After hiring a law firm in October to look into her mother's death, Melissa Rivers has filed a multimillion-dollar lawsuit against a Manhattan medical clinic and the doctors who administered Joan Rivers's fatal throat procedure. The malpractice suit alleges that instead of tending to Rivers, the doctors at Yorkville Endoscopy tried to execute unauthorized procedures, took selfies, and administered dangerous sedatives in the operating room. In a statement released today, the comedian's daughter said that filing the suit was difficult, but "no family should ever have to go through what my mother, Cooper, and I have been through. ... The level of medical mismanagement, incompetency, disrespect, and outrageous behavior is shocking and frankly, almost incomprehensible."
Joan Rivers died of brain damage as a result of lack of oxygen on September 4 at the age of 81, owing to complications from the outpatient throat surgery. What was supposed to be a routine endoscopy quickly became a botched procedure, according to court documents, as medical staff invited Rivers's personal doctor, who wasn't cleared to work at the clinic, to perform an unauthorized biopsy on Rivers's windpipe. During the procedure, the clinic's medical director allegedly snapped selfies with the sedated Rivers; the biopsy quickly led to a spasm that caused Rivers's throat to swell and cut off the oxygen flowing to her brain.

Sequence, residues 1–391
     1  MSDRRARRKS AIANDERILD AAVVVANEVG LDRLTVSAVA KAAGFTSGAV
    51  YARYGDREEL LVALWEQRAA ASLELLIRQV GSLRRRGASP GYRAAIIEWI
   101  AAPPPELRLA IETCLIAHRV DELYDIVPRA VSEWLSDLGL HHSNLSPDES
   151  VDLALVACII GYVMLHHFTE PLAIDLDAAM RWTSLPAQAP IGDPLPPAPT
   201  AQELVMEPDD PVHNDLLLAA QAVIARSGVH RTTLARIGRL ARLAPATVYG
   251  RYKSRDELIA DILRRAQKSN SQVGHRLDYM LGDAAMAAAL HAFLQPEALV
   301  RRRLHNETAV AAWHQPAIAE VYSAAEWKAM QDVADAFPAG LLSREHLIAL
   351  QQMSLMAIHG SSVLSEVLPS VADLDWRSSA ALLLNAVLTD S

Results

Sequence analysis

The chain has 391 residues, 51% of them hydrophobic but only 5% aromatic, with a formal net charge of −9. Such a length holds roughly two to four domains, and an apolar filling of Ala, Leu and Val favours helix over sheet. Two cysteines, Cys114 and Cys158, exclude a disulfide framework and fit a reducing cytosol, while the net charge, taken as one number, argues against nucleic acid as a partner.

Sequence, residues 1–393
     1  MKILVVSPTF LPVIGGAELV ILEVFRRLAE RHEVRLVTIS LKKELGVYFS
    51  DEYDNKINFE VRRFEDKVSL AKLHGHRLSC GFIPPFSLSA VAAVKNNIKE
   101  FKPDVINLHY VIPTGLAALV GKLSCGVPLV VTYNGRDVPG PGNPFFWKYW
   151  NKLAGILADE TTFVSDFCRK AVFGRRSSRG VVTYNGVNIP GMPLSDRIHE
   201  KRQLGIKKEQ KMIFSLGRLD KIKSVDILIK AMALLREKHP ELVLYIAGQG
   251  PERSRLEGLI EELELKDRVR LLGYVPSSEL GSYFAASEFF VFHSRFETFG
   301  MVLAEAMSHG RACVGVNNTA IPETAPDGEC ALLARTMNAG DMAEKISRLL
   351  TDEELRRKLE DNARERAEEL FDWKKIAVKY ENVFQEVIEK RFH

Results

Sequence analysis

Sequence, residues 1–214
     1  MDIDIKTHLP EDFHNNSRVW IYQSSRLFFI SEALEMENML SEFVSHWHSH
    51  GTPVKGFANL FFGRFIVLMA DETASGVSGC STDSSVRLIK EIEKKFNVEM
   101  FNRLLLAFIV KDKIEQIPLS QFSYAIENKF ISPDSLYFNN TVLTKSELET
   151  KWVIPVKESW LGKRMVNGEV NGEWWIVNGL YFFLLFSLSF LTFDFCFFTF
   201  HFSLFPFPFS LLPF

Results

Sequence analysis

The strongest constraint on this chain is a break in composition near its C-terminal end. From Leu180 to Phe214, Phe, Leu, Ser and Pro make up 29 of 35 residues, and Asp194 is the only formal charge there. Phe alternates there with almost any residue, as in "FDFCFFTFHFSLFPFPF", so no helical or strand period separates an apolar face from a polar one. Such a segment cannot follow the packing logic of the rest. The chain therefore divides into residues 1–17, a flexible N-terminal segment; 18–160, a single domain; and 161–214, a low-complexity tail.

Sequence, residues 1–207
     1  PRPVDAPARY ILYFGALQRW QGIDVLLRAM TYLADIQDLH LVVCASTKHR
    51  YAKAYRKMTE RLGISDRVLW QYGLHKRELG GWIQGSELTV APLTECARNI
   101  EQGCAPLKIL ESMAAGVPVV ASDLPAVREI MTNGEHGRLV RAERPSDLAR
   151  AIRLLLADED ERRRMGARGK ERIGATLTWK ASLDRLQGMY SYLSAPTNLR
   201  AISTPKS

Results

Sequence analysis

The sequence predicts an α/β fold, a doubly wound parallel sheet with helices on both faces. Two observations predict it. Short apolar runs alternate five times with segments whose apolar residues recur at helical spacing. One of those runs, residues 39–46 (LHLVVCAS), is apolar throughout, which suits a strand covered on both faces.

An anesthesiologist in the room reportedly made multiple attempts to put the operation on the right track, but was ultimately ignored. That same anesthesiologist, however, also allegedly gave Rivers propofol (the sedative that contributed to Michael Jackson's death) as her vitals were plummeting. Rivers's personal doctor fled the OR to avoid being caught, according to the suit. "Had the doctors acted as physicians for Joan Rivers instead of groupies, Joan Rivers would have been doing Fashion Police last week," said family lawyer Jeffrey Bloom, of Gair, Gair, Conason, Steigman McKauf, Bloom and Rabinowitz.
Yorkville, Frontier Healthcare (the company that partially owns Yorkville), Rivers’s personal physician, and three anesthesiologists have been named as defendants in the suit. Yorkville did not comment on the lawsuit but did say: "The Rivers family has, as it has always had, our deepest sympathies and condolences. ... The 51 physicians, nurses and staff who currently work at Yorkville remain firmly committed to providing the highest quality of care to their patients." The embattled clinic is at risk of losing its federal accreditation if it's not under better compliance by March 2. The Rivers family is seeking unspecified damages, but the Daily News reports the estate could recoup millions because Rivers was still making money from stand-up, appearances, books, and TV before her death.